Do I Have Ptosis or Just "Hooded Lids?"

I have always had "droopy eyelids" from birth. I am a 27 year old caucasion female and it seems that it is getting worse. I'm not sure if I just have a "hooded lid" or actual ptosis. If so, is this something i'll need to have corrected? I have astigmatism in both of my eyes extremely bad. Not sure if that has anything to do with it.

Doctor Answers 7

You may have congenital ptosis.

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I would recommend that you go see an Ophthalmologist or an Oculoplastic Surgeon to have your complaints addressed.  Without seeing a picture of your eyes, you may have congenital ptosis.  If you feel that your looks are hindered, or you are having visual difficulties, I would recommend that you seek consultation.  There are relatively low risk operations to manage ptosis vs. "hooded skin."

Good luck,

Dr. Shah

Denver Plastic Surgeon
4.8 out of 5 stars 69 reviews

Do I Have Ptosis or Just "Hooded Lids?

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Without photos it is not possible to determine whether you have just extra skin or in fact ptosis.

 Does this really matter?

If you are not happy with the appearance of your eyes you should have a consultation with a board certified plastic surgeon, facial plastic surgeon or oculoplastic surgeon.  Have them examine you and tell you what the problem is and explain what  can be done to improve it.

 Good luck.

 Dr. Donald Brown.

Donald M. Brown, MD (retired)
San Francisco Plastic Surgeon

Do I Have Ptosis or Just "Hooded Lids?"

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I'd need to see a picture of your eyes and eyelids to decide if it's ptrue eyelid ptosis or excess upper eyelid skin which seems unlikely for a 27 year old male, but not imposssible.

Francis R. Palmer, III, MD
Beverly Hills Facial Plastic Surgeon
4.7 out of 5 stars 28 reviews

Droopy Eyelids or Ptosis

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I don't see any pictures with this question which would make it easier to answer. That being said, in general you need to look at the upper third of the face as a whole. Your issue could be brow ptosis, lid psuedo-ptosis, or true ptosis. At your young age the chance of brow ptosis is less though I have seen it in young individuals as an inherited feature. Psuedoptosis is hooding of the upper lid where the lid margin(area with the lashes) is in a normal position. True ptosis involves a problem with the deeper muscles of the eye causing the lid margin itself to drop down in an abnormal position. Both problems can cause visual field impairment. Again, photos would help in diagnosis.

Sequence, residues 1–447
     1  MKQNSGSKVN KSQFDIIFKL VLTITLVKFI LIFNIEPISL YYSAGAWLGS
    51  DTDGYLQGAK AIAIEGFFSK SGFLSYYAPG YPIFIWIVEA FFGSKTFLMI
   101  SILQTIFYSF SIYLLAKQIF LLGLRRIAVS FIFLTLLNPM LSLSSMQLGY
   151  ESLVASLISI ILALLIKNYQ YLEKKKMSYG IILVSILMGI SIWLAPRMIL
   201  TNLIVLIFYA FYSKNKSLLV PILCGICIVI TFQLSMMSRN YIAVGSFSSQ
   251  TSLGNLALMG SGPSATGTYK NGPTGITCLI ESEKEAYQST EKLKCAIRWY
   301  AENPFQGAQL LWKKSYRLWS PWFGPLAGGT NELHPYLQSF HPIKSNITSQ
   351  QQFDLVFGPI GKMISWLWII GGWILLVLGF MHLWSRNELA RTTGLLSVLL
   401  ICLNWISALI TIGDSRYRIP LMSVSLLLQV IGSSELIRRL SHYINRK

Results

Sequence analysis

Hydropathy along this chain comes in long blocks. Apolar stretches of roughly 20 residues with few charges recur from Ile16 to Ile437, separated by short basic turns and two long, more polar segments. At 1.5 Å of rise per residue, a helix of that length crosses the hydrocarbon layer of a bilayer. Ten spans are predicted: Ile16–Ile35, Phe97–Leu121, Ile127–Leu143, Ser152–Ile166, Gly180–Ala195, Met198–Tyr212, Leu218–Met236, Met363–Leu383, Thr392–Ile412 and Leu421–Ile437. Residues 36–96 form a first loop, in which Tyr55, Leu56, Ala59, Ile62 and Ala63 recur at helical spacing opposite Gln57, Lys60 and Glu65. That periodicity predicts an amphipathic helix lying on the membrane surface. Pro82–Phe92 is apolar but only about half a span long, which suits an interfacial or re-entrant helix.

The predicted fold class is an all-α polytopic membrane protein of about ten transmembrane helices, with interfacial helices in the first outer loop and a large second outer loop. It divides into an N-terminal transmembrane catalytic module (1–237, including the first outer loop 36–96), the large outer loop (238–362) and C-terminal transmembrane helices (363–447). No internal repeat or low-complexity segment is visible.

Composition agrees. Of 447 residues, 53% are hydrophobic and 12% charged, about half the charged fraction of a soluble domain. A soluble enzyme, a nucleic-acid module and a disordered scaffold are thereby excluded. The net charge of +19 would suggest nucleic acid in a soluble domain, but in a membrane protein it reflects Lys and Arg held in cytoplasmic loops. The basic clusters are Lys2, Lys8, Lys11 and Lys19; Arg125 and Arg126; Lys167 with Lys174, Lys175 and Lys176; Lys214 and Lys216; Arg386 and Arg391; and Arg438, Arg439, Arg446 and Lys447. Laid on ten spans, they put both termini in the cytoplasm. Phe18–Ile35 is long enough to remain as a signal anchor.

Von Graham, MD
New Orleans Facial Plastic Surgeon

Ptosis vs hooding

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No way to answer this question without seeing photos.  Try resubmitting with photos for the best help!

Lawrence Kass, MD
Saint Petersburg Oculoplastic Surgeon
4.8 out of 5 stars 140 reviews

Hooded vs droopy (ptotic) eyelids

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Hooding refers to the amount of skin on your lids, and when significant it can sit on and over the lashes. Ptosis refers to a droopy lid, which refers to where the edge of the upper lid sits against the eyeball. A normal lid sits at or just below the top of the iris such that no white shows above the colored part of the eye.

We'd best be able to give you an answer from a photo, but here are a couple of clues: If you can pinch a lot of shkin, and in lifting it off your lids your eyes look nice and open, then you most likely have just hooding. If when you lift the skin up you still see that your lid margin is close to your pupil (the black center in the middle of the colored part of your eye), then you may actually have some ptosis. Either way, both can be addressed with eyelid surgery.

Andrea Nowonty Hass, MD
Palm Beach Gardens Oculoplastic Surgeon

Ptosis or hooded lids

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there is no picture to help with the diagnosis. congenital ptosis is quite different from blepharochalasis, there is no way to help you with the limited information you provided.

Rafael C. Cabrera, MD
Boca Raton Plastic Surgeon

These answers are for educational purposes and should not be relied upon as a substitute for medical advice you may receive from your physician. If you have a medical emergency, please call 911. These answers do not constitute or initiate a patient/doctor relationship.